The lady and the tramp

The lady and the tramp
Silver Krieger

There’s nothing like a little gentrification to get the sparks flying.

In her first-ever self-published book, “Million Dollar View,” author Silver Krieger explores the ever-changing demographics of New York City through a story about a real estate agent tasked with clearing out a Park Slope building of its artsy women residents — but instead finds himself in a tight predicament when he falls in love with a rebellious painter who has no intention of moving out.

“I wanted to write a romantic comedy and this is how it came out with little social, political implications,” said the native Manhattanite, who lived in Park Slope for 16 years before moving to Sunset Park more than a year ago.

The story behind the story is one of an unlikely muse. Krieger said that developer Bruce Ratner and his Atlantic Yards megaproject inspired her to start penning the 186-page novel three years ago.

“The Atlantic Yards controversy was so front-and-center for so long that it made the issue of gentrification hard to get away from,” she said. “The issue of old versus new was captivating to me.”

Not just using a topical issue to prop up her story, the author also wrote from experience when it came to the changing demographics of Park Slope.

“I’ve seen the neighborhood change a lot,” said the wordsmith, who lived in a run-down rent-stabilized apartment on President Street with no heat for eight years. “It was a great rent, but only a place artists would live.”

The author said that the clash between the struggling artist-types of the neighborhood and the influx of stroller-pushing parents also worked as inspiration for the book that she published a year ago through the independent Manhattan bookstore McNally Jackson.

But what hits closest to home for the author is the book’s co-protagonist Nicole De Gioia, who lives and paints in the apartment above the lesbian bar that’s in danger of being bulldozed — and who becomes real estate agent Flynn Sharpe’s unlikely love interest.

“Some of the rants the character goes on are definitely me more than anyone else,” said Krieger, who added that the Park Slope building in the story is supposed to be on Fifth Avenue somewhere between Ninth and Union streets. The layout of the ground level bar is inspired by Fifth Avenue’s Ginger’s Bar, she added.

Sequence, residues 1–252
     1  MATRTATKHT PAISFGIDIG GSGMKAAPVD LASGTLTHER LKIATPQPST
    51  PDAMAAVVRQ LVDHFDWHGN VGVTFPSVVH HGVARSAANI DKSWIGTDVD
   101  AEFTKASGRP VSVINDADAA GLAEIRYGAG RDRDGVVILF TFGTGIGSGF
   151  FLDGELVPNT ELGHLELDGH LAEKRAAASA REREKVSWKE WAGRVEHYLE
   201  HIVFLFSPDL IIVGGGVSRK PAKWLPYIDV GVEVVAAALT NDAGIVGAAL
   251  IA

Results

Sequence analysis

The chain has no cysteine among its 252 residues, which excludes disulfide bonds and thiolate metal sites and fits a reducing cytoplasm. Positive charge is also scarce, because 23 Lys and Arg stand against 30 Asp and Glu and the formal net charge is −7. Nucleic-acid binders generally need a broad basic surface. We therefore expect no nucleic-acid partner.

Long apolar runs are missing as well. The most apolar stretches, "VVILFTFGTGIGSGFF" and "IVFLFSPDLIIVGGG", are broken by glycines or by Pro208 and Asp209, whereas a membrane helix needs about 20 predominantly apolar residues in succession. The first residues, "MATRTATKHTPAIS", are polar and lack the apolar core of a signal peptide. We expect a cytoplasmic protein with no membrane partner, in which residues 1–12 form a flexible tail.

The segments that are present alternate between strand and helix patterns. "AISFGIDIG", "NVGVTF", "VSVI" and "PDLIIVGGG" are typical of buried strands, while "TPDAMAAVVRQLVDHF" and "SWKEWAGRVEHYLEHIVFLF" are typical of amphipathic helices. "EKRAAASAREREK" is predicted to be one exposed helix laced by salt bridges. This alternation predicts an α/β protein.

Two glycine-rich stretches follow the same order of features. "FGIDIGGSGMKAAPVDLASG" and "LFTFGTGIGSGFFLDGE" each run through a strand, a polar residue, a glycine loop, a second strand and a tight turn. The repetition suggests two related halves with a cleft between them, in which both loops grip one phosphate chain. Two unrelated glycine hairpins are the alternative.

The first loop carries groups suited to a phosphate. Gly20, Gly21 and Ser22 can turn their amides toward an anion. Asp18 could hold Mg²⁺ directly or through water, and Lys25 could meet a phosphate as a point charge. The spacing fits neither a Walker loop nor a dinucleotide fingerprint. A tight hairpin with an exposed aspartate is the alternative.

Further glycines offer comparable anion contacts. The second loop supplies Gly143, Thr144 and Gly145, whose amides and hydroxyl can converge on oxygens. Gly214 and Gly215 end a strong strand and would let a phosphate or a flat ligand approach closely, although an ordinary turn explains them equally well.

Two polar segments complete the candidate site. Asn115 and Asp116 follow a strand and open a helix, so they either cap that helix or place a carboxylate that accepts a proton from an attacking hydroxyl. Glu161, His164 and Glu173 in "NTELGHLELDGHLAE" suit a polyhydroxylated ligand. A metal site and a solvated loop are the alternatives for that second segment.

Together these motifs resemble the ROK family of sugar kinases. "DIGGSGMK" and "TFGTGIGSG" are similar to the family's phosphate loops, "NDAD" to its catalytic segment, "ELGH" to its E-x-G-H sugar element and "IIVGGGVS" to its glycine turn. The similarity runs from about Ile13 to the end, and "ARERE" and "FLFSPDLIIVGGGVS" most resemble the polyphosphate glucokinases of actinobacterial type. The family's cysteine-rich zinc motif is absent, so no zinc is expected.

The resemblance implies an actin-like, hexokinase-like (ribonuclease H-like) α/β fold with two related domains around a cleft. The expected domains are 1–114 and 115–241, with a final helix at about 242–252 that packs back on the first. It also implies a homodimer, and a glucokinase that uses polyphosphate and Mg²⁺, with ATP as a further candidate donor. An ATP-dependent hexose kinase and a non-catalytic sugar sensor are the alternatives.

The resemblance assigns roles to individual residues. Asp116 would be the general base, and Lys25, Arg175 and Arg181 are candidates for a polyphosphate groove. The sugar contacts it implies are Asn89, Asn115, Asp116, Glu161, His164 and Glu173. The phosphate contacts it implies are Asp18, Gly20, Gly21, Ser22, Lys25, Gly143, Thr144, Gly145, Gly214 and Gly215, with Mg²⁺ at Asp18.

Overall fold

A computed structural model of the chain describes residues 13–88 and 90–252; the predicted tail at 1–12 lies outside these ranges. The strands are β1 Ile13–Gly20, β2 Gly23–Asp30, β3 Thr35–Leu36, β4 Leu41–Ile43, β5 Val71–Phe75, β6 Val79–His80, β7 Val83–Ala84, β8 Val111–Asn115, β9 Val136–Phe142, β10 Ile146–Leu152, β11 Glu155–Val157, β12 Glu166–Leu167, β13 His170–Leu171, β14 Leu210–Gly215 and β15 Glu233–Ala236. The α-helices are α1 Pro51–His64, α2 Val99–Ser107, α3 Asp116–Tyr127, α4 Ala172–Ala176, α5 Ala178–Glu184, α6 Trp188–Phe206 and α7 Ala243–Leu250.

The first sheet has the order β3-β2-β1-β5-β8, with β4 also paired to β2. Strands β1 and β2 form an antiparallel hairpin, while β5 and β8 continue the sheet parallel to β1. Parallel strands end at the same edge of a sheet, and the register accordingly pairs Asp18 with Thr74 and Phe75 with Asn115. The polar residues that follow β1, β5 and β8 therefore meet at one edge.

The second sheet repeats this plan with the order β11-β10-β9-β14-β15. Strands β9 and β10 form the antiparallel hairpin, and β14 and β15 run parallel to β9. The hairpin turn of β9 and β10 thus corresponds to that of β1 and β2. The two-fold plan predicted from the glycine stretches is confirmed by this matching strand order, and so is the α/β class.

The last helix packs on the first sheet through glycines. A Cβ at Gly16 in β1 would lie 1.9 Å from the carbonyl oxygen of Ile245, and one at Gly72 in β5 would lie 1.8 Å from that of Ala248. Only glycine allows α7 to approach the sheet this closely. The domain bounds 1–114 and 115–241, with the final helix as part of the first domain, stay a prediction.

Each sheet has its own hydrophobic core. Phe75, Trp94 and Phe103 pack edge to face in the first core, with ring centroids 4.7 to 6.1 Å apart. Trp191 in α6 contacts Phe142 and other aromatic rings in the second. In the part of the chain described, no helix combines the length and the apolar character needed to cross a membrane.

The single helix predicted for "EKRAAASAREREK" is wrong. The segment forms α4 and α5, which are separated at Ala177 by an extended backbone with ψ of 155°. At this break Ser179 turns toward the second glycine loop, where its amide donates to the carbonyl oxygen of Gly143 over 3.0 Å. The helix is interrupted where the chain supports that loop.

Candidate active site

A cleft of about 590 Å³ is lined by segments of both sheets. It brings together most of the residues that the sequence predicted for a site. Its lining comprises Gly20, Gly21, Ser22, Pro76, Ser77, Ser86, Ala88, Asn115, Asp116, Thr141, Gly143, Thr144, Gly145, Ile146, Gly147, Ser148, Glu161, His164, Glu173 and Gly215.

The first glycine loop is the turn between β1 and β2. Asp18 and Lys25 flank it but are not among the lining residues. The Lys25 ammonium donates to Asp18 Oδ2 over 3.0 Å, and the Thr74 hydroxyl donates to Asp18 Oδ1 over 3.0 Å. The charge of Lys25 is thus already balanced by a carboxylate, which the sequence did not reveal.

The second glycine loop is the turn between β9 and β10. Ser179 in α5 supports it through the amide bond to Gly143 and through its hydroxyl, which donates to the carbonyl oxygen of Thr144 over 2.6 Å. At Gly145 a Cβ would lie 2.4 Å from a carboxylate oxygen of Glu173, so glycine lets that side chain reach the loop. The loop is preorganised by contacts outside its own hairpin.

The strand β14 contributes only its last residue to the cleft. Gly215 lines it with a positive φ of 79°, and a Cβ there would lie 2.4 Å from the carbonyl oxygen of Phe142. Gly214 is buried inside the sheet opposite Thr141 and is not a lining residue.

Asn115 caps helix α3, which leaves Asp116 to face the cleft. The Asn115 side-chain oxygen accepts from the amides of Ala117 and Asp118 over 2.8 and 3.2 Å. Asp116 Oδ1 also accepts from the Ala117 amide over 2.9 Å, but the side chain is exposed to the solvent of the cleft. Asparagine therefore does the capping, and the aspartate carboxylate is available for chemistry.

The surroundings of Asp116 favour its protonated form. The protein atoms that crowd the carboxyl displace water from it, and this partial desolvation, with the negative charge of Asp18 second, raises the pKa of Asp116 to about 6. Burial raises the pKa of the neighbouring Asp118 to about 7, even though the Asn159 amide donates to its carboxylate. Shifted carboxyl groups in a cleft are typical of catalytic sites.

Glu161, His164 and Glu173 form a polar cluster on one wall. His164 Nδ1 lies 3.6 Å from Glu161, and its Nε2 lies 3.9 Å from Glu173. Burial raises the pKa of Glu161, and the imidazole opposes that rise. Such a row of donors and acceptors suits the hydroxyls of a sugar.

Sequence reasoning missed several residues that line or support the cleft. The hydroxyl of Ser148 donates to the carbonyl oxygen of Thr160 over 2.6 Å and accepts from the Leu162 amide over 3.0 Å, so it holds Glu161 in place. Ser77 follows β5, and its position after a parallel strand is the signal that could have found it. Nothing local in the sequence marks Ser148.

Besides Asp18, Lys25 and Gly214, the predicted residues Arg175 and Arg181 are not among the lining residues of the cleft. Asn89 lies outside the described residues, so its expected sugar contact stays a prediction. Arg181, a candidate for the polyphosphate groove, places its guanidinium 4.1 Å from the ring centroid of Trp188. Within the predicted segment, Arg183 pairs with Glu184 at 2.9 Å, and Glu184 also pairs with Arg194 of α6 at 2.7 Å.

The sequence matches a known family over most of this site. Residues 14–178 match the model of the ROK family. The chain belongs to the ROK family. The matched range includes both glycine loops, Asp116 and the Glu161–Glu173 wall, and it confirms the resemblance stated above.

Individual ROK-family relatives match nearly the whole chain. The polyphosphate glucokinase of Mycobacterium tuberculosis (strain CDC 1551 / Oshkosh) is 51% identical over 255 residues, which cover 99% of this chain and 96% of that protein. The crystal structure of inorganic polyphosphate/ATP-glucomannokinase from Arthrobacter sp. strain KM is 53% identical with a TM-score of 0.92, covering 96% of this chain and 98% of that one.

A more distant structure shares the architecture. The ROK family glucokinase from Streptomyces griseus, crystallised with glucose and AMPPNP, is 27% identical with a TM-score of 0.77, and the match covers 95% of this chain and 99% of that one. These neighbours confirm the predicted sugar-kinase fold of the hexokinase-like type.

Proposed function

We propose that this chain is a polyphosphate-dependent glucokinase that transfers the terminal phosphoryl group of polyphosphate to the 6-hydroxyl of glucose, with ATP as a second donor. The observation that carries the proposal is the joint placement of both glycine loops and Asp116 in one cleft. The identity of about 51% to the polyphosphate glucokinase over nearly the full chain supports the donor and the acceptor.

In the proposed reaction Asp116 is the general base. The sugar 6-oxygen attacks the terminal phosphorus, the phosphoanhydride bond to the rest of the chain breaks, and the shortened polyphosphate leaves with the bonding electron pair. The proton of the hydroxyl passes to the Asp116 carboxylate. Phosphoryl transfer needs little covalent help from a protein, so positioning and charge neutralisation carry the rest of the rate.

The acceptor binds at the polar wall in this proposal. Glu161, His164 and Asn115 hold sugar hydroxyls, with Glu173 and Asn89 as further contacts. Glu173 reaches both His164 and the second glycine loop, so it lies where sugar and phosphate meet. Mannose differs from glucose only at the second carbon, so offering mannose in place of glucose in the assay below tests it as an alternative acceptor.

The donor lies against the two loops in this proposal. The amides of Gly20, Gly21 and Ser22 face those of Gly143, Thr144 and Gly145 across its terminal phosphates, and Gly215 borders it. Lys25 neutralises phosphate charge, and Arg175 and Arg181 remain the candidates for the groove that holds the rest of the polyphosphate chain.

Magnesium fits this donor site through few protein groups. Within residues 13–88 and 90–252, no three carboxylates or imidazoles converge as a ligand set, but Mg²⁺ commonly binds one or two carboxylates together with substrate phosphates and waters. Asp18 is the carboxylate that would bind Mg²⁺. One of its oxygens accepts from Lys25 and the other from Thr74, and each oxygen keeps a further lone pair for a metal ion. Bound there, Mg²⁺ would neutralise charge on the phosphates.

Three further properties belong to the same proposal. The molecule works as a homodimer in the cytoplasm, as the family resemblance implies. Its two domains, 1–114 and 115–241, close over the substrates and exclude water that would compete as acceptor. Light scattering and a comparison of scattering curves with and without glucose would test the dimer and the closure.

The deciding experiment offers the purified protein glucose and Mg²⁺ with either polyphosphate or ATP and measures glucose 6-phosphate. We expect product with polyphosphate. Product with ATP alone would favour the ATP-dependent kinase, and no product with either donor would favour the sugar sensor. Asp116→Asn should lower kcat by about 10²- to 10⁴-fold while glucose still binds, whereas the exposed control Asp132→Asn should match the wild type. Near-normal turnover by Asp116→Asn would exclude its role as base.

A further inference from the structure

The book makes references and unfolds scenes in real-life Fifth Avenue businesses like Blue Ribbon Restaurant, Al Di La Trattoria, and the Gowanus Canal area. The novel also makes hints to the corporatization of the neighborhood through the mention of Seventh Avenue’s Starbucks and Barnes and Noble.

“This book is about exploring about what I think beyond the black and white issues,” said Krieger, whose prose is accompanied by 12 drawings by Brooklyn artist Keith DuQuette.

“I would like people to be able to get a little bit of humorous respite from the difficult complications of an issue like [gentrification] and hope that I’m able to illuminate some of the different aspects and different angles of general concern.”

Silver Krieger’s “Million Dollar View,” at Greenlight Bookstore [686 Fulton St. at S. Portland Avenue in Fort Greene, (718) 246–0200, www.greenlightbookstore.com]. $14.95.

Reach reporter Natalie Musumeci at [email protected] or by calling (718) 260-4505. Follow her at twitter.com/souleddout.

Romantic developments: An unlikely romantic comedy, “Million Dollar View” is a novel about a real estate agent tasked with emptying out the residents of a Park Slope building to make way for a highrise condo development.
Silver Krieger